In a letter to Sen. Arlen Specter, William K. Suter, former Assistant Judge Advocate General of the Army, said:
“I met Mr. Haynes when he was a military attorney in the Army General Counsel’s Office. After he was appointed General Counsel of the Army in March 1990, I worked closely with him on a daily basis.”
“Mr. Haynes is a superb lawyer in every respect. He performed his duties as the Army General Counsel with great distinction.”
“He was always available to discuss pending legal issues. . . . He respected Judge Advocates and their opinions. He is also a man of great character and integrity.”
In a letter to Sens. Arlen Specter and Patrick Leahy, Michael Marchand said:
“On July 1, 2005, I retired as a Major General from the United States Army after 31 years service as a Judge Advocate. . . . In my most recent assignment as The Assistant Judge Advocate General of the Army . . . I was privileged to work with William J. Haynes in his capacity as General Counsel of the Department of Defense.”
“In light of much inaccurate reporting on Mr. Haynes’ performance as general counsel during these last four years that our Country has been at war, I feel compelled to speak on the record . . . In my experience, Mr. Haynes has been more inclusive of the Judge Advocates General and the senior service lawyers of the armed services than any General Counsel of the Department of Defense. He has consistently and repeatedly reached out to the senior lawyers of the Department of Defense. . . . He has been respectful of our views, even on those occasions when he may not have agreed with one or more of us. The Department and its legal community – and the Country – have been well served.”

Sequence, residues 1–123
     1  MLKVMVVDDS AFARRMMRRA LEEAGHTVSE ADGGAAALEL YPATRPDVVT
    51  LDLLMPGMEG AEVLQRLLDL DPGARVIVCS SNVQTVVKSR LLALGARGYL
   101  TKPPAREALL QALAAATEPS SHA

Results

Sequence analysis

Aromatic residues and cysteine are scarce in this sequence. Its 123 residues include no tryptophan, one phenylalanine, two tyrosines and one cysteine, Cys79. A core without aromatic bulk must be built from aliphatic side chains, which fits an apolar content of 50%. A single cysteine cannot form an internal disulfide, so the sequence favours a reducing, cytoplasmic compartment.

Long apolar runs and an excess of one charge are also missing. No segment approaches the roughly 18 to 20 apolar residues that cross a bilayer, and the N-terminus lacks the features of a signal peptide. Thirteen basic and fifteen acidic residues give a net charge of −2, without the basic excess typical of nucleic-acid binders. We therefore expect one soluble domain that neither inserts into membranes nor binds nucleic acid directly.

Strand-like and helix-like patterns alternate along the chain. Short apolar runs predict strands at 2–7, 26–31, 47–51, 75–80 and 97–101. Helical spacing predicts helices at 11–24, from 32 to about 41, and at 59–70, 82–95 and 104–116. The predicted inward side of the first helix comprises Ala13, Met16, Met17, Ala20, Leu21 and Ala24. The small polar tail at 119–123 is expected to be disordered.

Woody Woodruff, former Chief of the Litigation Division in the Office of the Judge Advocate General, wrote in an e-mail:
“I worked with Jim Haynes on several very important issues while he was Army General Counsel. I found him to be bright, humble, hard-working, thoughtful, personable, and dedicated. The more I dealt with him the more impressed I became. . . . He was a great Army General Counsel. He was not one to play fast and loose with the law to craft a program to satisfy the political leadership.”
We would also like to share with you the comments of Bernard Meltzer, professor emeritus at the University of Chicago Law School and a former assistant trial counsel to Supreme Court Justice Robert Jackson at the Nuremberg Tribunal. Professor Meltzer worked with Mr. Haynes in writing the regulations that govern the trial of detainees before military tribunals. In a letter to Sens. Specter and Leahy, Meltzer wrote: